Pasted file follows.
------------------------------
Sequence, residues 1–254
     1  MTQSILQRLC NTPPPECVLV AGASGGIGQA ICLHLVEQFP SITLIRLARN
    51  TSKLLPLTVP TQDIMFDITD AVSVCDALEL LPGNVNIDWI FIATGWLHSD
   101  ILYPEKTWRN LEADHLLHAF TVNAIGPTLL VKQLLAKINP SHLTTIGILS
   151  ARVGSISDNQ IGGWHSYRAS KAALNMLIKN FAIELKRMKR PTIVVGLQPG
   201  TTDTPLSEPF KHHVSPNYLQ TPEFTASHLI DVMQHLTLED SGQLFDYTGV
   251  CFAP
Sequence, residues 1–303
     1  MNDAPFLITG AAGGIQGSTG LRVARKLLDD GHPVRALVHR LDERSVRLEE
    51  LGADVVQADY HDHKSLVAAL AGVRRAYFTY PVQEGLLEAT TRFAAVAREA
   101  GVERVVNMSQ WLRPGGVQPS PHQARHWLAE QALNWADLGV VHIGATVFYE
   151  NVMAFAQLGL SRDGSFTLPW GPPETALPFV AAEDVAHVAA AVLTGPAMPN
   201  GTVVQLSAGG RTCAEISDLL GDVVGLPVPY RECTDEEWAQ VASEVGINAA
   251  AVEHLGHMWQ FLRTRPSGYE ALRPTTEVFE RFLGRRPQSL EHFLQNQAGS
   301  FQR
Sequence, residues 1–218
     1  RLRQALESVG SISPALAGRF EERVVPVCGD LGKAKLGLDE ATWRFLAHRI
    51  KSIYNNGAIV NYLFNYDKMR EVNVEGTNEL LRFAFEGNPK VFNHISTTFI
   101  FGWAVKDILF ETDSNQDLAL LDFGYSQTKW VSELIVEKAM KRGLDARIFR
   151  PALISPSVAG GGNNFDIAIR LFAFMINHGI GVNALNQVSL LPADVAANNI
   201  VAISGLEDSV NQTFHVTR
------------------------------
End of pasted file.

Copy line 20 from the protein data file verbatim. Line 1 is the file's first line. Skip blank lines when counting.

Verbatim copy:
   151  PALISPSVAG GGNNFDIAIR LFAFMINHGI GVNALNQVSL LPADVAANNI